United States
Staffed with 100% US Employees

Financial Statements- Everything You Need to Know Part 1- Trial Balance

June 21, 2015 by Ed Becker

If you are around business people or accounting personnel you have heard of financial statements. Owning or running your own business usually requires producing these statements on a regular basis. If you are seeking financing, the lender is going to ask for certain financial statements in order to approve your request. So just what are these financial statements?

Financial statements show the financial activities and financial strength as well as the liquidity of a company on a given date. There are four main financial statements, these are what everyone is referring to when they say financial statements: Balance Sheet, Income Statement, Cash Flow Statement and Statement of Retained Earnings. There is also the Trial Balance that is not actually part of this group, but must be completed prior to preparing the final four statements.

Trial Balance refers to a list of the closing amounts from the accounting ledger. On a specific date, usually at the closing of an accounting period, the balances of each account is listed on the trial balance either as a credit or debit balance. Once each balance is listed in its respective debit or credit, the totals should be equal.

The purpose of this trial balance is to find and correct any errors prior to the preparation of the financial statements. If the totals do not equal the error can be rectified immediately. This is a very important step in the preparing of financial statements, if errors are found later it is a major task to redo all the financial statements. A trial balance does not find every error, if something was incorrectly entered but still has balanced debit and credit, that error will not be discovered in the trial balance. It also will not reveal if transactions were not recorded, because the credits and debits will still balance. It is imperative that transactions be correctly entered or recorded in the ledger accounts each and every time.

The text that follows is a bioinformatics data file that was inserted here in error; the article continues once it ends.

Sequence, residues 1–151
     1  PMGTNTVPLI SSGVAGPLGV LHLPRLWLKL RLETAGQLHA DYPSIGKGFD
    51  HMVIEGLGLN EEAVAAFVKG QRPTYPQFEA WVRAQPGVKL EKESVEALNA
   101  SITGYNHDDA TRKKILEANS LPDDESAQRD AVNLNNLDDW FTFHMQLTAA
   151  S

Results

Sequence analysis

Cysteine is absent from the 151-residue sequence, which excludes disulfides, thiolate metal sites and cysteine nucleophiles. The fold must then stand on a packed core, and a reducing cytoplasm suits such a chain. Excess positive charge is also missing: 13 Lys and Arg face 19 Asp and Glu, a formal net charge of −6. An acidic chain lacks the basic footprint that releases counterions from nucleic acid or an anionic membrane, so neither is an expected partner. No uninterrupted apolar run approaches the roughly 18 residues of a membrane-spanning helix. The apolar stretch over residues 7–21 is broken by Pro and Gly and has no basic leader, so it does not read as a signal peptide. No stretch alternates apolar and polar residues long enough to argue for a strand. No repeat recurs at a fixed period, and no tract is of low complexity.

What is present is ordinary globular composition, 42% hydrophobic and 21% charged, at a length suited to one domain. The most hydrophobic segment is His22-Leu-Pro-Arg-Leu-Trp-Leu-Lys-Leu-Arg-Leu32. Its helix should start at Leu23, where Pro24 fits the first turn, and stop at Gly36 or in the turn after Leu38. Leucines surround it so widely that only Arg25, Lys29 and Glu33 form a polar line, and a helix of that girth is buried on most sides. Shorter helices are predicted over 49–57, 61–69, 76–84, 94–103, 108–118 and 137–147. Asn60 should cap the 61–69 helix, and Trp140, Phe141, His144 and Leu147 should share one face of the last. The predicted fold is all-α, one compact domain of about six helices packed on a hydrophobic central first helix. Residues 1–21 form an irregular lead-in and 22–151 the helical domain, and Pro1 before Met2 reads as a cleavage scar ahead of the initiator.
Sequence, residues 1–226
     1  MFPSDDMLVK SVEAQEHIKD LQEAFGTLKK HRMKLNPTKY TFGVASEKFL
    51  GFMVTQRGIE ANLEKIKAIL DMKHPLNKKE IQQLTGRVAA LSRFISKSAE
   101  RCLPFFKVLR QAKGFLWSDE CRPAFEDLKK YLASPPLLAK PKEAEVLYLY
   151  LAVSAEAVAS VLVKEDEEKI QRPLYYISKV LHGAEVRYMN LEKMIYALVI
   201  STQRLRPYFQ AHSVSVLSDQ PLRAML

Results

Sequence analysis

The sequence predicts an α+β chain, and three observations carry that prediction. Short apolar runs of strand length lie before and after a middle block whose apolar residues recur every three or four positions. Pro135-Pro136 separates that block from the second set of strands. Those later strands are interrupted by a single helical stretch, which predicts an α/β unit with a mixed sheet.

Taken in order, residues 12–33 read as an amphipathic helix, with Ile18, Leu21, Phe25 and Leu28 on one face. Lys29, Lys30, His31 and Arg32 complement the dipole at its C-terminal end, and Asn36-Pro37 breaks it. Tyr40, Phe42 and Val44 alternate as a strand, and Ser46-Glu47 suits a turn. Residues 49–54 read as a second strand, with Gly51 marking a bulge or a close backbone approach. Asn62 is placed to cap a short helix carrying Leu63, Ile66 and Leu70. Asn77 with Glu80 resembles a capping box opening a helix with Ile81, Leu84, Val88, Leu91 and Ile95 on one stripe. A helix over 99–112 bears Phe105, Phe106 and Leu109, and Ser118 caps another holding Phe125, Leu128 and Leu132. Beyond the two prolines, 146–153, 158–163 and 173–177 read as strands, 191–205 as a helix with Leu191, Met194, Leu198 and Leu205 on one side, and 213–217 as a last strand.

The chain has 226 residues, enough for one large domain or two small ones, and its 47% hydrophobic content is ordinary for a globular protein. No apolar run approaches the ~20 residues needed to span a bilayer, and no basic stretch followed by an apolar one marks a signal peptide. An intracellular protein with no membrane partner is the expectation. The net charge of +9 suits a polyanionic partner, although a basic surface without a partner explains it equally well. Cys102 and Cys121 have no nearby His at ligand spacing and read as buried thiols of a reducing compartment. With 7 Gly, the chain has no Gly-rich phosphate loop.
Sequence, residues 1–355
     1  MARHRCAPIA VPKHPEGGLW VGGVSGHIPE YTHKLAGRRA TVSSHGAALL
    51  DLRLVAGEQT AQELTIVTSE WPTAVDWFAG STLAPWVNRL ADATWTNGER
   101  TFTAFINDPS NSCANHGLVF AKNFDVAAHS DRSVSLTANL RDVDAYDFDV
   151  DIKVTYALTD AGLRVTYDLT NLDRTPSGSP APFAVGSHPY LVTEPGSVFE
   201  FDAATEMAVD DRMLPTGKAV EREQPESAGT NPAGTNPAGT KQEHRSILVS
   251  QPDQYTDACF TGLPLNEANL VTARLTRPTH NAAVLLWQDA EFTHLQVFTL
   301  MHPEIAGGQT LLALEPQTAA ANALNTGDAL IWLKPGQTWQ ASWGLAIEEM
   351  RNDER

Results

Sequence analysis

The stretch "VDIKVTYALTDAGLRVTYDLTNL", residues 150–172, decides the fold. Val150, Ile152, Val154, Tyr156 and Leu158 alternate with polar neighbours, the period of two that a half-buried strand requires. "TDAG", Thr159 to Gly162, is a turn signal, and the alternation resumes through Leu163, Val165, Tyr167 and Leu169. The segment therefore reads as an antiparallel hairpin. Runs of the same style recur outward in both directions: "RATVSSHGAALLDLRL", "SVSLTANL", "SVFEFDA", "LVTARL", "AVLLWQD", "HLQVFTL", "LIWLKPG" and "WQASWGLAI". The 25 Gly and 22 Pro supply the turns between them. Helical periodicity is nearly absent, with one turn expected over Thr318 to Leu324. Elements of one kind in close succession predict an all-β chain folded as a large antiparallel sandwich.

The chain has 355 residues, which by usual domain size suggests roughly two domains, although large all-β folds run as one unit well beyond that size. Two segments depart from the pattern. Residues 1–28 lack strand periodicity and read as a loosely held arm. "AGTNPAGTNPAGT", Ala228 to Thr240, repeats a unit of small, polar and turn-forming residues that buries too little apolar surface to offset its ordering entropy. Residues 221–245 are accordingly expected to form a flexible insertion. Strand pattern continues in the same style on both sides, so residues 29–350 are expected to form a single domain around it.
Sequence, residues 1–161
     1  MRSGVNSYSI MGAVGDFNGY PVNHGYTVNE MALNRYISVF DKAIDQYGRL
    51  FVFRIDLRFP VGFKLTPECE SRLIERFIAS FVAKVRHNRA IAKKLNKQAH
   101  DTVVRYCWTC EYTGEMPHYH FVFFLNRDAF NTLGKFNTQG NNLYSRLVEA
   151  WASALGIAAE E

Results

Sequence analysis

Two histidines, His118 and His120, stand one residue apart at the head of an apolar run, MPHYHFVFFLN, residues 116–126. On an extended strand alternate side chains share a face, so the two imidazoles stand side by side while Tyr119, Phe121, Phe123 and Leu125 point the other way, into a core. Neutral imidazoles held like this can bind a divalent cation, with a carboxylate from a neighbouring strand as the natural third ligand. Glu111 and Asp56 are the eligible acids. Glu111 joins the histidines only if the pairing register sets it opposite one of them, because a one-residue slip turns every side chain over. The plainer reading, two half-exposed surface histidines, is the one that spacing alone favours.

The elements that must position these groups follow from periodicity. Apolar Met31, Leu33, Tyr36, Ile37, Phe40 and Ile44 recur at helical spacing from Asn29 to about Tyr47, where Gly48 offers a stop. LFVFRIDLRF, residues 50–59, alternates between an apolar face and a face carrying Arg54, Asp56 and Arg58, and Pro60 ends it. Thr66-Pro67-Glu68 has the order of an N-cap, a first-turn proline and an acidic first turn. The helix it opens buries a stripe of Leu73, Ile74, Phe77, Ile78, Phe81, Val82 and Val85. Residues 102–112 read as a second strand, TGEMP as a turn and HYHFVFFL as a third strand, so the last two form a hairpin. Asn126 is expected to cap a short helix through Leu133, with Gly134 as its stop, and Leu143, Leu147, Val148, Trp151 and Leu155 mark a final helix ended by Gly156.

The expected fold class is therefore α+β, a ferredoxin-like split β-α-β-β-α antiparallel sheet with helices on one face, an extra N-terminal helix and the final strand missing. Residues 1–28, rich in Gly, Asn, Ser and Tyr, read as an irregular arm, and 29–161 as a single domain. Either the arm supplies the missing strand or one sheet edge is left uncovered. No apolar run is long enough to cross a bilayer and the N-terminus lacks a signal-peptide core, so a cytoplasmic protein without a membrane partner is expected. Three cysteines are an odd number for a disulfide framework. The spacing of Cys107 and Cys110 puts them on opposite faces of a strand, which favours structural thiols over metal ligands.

Once the trial balance is completed and the credits and debits are equal the financial statements can then be prepared, starting with the Balance Sheet. The trial balance and the balance sheet are not the same or interchangeable. They do have similarities, but the trial balance is not part of the main financial statements it is more of an internal checks and balances type of process in order to lead up to the creating of the financial statements.

In the next segment we will discuss the Balance Sheet in detail. What information it has included, what use it is for the company and others that read it as well as a general overview of how it is prepared.

Related Posts